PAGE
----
Teaching children the power of positivity at a young age helps them develop self-esteem and resiliency. Kids benefit by having a solid mental foundation to help them navigate problems at school or with friends. For instance, many children today encounter bullying, difficulties making friends, and struggles with assignments. However, a positive mindset displayed by mom or dad can make all these issues easier to solve.

Chris Yandle, a father of two from Louisiana, saw firsthand the benefits of teaching his children positivity. He began writing uplifting notes to his daughter Addison in 2017. She started middle school that year, an often turbulent time for many teens.

At the beginning of fourth grade in 2021, Yandle’s son Jackson asked his dad if he would also write him notes. Of course, he agreed wholeheartedly. He also found it touching that his son wanted to read his messages.

Addison started her first year of high school this year, and Jackson began fifth grade. Yandle still keeps up the long-standing tradition of including positivity notes in his children’s school lunches. Although the kids have grown up a bit, they never seem tired of reading their dad’s inspiring messages!

How the Positivity Lunch Note Tradition Began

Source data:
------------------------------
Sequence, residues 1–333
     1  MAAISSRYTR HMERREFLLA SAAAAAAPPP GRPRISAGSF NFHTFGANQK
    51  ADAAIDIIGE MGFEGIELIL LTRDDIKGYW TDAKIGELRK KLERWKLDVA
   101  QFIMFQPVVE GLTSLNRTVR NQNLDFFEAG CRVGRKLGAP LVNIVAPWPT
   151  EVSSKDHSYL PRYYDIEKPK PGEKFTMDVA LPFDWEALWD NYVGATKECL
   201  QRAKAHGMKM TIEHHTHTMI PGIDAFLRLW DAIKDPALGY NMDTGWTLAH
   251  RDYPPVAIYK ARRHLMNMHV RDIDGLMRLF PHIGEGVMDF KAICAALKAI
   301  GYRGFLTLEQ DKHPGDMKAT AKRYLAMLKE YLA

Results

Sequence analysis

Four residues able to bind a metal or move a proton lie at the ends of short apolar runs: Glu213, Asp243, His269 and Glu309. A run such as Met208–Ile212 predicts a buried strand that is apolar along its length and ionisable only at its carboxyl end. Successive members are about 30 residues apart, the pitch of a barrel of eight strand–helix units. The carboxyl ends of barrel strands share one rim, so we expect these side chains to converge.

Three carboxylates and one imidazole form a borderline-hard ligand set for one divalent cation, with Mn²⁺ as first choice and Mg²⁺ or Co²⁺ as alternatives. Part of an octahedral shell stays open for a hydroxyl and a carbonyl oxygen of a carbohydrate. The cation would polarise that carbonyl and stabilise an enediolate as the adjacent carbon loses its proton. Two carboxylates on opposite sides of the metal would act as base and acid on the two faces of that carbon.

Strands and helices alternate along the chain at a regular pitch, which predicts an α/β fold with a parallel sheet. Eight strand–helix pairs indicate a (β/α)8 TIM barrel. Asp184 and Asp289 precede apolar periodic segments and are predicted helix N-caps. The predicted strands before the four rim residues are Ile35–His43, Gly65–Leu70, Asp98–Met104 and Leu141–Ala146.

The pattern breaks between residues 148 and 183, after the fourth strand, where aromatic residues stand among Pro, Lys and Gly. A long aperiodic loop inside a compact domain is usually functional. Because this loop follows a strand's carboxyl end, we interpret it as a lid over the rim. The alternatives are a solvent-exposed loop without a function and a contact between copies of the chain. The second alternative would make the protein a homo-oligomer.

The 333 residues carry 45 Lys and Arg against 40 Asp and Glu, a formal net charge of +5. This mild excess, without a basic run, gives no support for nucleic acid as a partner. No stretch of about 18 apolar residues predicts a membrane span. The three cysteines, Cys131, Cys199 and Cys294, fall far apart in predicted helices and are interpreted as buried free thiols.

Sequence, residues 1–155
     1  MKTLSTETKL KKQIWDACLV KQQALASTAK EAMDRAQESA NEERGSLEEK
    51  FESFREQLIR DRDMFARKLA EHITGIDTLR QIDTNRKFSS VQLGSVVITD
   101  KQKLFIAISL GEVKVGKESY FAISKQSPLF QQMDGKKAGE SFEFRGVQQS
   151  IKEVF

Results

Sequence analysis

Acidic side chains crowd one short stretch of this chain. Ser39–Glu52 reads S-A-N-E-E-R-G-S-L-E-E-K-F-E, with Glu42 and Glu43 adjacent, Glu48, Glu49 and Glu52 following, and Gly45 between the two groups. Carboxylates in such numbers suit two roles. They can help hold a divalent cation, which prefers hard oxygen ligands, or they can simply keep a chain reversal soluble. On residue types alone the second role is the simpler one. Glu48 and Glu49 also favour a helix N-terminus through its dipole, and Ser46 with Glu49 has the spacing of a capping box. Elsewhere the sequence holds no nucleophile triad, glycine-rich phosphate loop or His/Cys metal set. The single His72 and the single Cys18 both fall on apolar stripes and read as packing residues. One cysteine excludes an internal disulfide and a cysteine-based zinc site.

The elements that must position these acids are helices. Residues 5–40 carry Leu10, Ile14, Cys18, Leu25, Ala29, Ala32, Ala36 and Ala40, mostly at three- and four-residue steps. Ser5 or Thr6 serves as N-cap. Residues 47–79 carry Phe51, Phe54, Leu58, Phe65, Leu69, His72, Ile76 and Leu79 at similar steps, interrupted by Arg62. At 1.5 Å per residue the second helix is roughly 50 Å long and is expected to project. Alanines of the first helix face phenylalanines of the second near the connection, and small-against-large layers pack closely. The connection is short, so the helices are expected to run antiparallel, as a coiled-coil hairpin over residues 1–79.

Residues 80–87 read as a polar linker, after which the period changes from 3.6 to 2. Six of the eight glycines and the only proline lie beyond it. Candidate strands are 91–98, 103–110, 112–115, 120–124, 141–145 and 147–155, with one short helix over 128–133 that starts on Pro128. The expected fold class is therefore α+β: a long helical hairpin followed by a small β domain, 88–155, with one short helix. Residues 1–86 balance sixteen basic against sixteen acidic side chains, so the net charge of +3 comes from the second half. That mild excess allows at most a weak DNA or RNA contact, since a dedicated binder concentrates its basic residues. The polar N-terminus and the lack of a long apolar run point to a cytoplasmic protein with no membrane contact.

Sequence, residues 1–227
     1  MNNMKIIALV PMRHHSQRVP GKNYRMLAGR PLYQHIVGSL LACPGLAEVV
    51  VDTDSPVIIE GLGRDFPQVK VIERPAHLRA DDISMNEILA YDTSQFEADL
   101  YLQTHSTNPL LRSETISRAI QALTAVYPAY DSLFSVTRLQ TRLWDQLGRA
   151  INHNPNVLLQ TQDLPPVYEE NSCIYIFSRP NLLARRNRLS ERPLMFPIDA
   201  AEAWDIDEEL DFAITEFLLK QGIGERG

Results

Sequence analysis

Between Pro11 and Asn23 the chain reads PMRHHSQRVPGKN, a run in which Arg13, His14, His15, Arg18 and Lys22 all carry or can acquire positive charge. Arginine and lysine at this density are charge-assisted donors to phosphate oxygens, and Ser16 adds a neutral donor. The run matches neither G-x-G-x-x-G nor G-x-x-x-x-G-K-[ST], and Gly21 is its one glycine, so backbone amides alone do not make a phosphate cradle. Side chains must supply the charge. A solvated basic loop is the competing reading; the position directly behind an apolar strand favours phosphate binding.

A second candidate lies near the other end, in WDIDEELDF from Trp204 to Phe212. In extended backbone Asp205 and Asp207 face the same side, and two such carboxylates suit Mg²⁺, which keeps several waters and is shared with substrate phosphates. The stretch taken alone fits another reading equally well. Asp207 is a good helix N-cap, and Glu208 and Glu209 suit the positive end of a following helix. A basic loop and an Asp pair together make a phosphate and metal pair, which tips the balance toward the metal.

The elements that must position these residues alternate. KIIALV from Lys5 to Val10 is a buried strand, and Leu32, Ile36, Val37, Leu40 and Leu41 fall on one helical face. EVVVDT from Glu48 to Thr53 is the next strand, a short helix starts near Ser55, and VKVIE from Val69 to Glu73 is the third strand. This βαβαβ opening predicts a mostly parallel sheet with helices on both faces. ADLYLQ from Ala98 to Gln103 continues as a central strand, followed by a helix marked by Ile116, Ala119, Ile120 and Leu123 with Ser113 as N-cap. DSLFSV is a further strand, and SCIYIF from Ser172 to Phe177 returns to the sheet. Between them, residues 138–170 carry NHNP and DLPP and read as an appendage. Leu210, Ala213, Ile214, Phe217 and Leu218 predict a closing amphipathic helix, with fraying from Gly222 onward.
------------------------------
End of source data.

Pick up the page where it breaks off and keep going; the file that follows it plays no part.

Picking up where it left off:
Yandle realized his children needed positivity in their lives more than ever after a difficult move. When he lost his job in 2016 after a successful career in college athletics, the family moved back home to Louisiana. That made their fourth state in only five years, and Yandle started to feel guilty about moving his family around. In hindsight, it didn’t seem worth it since his employer didn’t value him as much as he’d thought.

Addison’s emotional health began to suffer throughout moving and enrolling in new schools. She had attended four schools in three different states in five years.

“At the start of fourth grade, she was starting to exhibit signs of anxiety and I knew I had to do something. So, without thinking, I scribbled a message on a Ziploc bag and placed her sandwich in it for lunch,” the positive parent said.

“I honestly thought it was only going to last a few weeks and I’d forget about. But, she was reading them, her teacher was noticing them, so I knew I needed to continue. Later on in the year, I realized I was writing the messages for me as much as I was writing them for her,” he continued.

Originally, Yandle intended to write the positivity notes for only a few weeks. But, one day quickly turned into a week and then a month. Before long, it had become a tradition that his children intensely looked forward to each day at lunchtime.

The notes especially seemed to benefit Addison, as her dad started noticing her mental health improving. Yandle believes that a more stable home life also contributed to her positive behaviors.

“I know she enjoyed reading them or at the very least knowing that her dad was “back” mentally and emotionally. Over the years, she and I have grown extremely close and I think that’s in large part to what I started five years ago. In junior high, I could tell some of the things I had written her or told her over the years were starting to sink in with how she carried herself and advocated for herself,” the loving dad said.